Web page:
“Schreibman’s got an uphill battle where I am,” said Keel, a Democrat who lives in Sidney. “It’s Gibson country down our way.”
Nationally, said Keel, citing polling data, Obama appears to have a clear advantage.
“I think we’ll be celebrating an Obama win on Wednesday,” she said.
The sophisticated techniques used in the latest forms of polling have made political surveys more accurate, she said, though she doesn’t believe that better forecasting will drive down voter participation.
“I worry more about voter polarization and how it affects governing,” said Keel, noting partisan politics has become increasingly divisive, contributing to legislative gridlock.
Of those interviewed for this story, Otsego County Treasurer Dan Crowell was the only one who predicted a slight drop in local voter turnout from the participation level in the 2008 general election, when Obama won handily over Sen. John McCain, R-Ariz.
According to the 2008 voting data kept by the Otsego County Board of Elections, 26,122 voters cast a ballot for one of the presidential candidates.
“I get the sense from people on both ides of the aisle that there is a little less enthusiasm,” said Crowell, a Democrat. “So I expect turnout to be slightly lower.”
Crowell said he continues to support Obama, noting the president “got dealt a tough hand of cards” because of the national economic downturn.
“Foreign relations, in my view, is the only thing the president has substantive scope to make a big impact with,” he said. “I support the president for the foreign policy decisions he has made.”
Begging to differ was Otsego County GOP Chairwoman Sheila Ross. She said she has spoken with many voters who are unhappy with Obama’s handling of economic issues. “People want change,” she said.
Ross, who is also one of the county’s two elections commissioners, said preparations for today’s elections were going smoothly — with the exception of some voters who were confused by New Jersey Gov. Chris Christie’s announcement that Garden State voters impacted by Hurricane Sandy could email or send telephone facsimiles of their votes to elections officials. That offer, Ross noted, does not extend to any voters in New York.
More than any other local race this year, the Gibson-Schreibman matchup has been marked by strident attacks and counter-attacks that have been stitched into television commercials, some of which have been funded by political action committees steeped in experience with hardball politics.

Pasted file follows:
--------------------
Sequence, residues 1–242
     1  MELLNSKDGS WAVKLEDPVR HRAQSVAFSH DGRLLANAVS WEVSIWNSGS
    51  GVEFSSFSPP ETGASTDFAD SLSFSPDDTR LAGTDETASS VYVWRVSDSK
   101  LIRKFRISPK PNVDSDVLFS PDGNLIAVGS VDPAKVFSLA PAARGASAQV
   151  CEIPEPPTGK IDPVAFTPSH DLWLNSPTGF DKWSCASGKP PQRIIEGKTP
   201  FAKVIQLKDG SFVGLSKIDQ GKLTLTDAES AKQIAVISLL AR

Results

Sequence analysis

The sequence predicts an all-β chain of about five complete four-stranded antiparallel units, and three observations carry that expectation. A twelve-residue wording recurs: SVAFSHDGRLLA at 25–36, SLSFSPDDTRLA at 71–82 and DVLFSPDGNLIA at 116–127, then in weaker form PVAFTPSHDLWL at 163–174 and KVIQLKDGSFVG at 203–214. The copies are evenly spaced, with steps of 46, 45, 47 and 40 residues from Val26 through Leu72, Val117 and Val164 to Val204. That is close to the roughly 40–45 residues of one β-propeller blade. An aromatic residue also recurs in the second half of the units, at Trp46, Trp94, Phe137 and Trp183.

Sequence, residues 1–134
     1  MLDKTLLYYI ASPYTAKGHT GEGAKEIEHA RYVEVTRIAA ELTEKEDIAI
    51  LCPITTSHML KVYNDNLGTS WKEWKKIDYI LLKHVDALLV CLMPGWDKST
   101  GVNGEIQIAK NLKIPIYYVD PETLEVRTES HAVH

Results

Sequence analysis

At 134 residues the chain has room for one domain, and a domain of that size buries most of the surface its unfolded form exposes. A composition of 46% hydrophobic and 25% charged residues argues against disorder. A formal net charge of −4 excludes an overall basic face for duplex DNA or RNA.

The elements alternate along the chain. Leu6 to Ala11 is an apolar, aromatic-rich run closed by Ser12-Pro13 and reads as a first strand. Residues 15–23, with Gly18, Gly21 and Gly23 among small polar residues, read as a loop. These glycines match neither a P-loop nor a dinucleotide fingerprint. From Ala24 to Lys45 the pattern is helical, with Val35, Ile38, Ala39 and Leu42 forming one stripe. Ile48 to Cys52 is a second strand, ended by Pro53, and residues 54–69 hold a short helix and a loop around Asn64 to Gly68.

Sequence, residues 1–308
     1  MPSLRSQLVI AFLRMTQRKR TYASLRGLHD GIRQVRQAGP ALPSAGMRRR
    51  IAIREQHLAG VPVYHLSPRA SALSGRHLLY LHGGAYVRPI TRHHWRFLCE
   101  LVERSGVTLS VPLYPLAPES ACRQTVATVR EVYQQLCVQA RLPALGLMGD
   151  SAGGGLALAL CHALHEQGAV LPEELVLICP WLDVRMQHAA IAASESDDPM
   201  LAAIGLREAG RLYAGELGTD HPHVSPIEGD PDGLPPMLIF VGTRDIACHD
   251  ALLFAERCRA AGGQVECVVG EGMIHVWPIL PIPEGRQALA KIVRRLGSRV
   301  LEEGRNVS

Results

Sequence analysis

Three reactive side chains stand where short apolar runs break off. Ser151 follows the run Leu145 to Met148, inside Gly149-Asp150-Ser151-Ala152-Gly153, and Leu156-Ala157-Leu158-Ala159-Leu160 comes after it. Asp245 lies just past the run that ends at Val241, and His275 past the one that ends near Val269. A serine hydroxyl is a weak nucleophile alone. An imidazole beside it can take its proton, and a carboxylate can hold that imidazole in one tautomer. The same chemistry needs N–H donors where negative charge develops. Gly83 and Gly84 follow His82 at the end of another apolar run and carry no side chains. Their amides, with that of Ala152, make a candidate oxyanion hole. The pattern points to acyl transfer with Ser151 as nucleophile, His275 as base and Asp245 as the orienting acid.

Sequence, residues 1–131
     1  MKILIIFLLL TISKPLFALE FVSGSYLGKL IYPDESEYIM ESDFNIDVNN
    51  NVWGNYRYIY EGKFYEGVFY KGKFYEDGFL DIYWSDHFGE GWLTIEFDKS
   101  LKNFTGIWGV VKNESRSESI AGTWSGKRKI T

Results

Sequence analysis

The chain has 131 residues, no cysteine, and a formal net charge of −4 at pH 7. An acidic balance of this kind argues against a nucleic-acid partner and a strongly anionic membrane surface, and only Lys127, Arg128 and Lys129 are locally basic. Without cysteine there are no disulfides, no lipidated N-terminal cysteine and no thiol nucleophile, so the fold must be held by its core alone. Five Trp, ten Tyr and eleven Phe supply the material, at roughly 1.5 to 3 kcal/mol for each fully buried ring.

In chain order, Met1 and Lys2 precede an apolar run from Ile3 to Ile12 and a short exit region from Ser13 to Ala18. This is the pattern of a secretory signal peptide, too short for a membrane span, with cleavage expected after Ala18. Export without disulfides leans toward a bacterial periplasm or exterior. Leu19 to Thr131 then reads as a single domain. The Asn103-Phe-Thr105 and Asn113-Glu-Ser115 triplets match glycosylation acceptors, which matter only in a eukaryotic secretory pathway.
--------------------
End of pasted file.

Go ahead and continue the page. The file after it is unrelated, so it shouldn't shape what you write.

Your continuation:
Delaware County GOP Chairwoman Maria Kelso said she has been appalled with what she maintained was overly harsh criticism of Gibson.
“He is one of the only politicians who gives his military pension back to the government,” she said. “The ads against him have been absolutely disgusting. I just hope people are smarter than that.”
Schreibman has bristled at an ad launched against him in early October by the National Republican Congressional Committee, which took the Democrat to task for representing an accountant accused of fraud. Schreibman decried what he called “shameful tactics” and “twisted logic.” The Republican group ended up pulling the ad.
In Delaware County today, voters will determine whether to keep County Judge Carl Becker, a Stamford resident, on the bench or replace him with Gary Rosa, a Democrat who serves as the Middletown town justice.
In a contest for Chenango County judge, Norwich attorney Frank Revoir, a Republican who stunned District Attorney Joseph McBride in the GOP primary, faces Diane DiStefano, an assistant public defender and a Democrat from Norwich.
In Delaware County, local political activists say a five-way contest for two seats on the Sidney Town Board is shaping up as a referendum on pro-drilling town Supervisor Bob McCarthy, even though the latter’s term is not up this year. Republicans John Schaeffer and Gregory McCann are opposed by two Democrats, William Heath and Tobias Whitaker. Also competing for a Sidney board seat is R. Eugene Pigford of the Authenticity Party.
In the Otsego County town of Otsego, Democrat Thomas Hohensee and Republican Paul Russo are vying for a seat on the town board.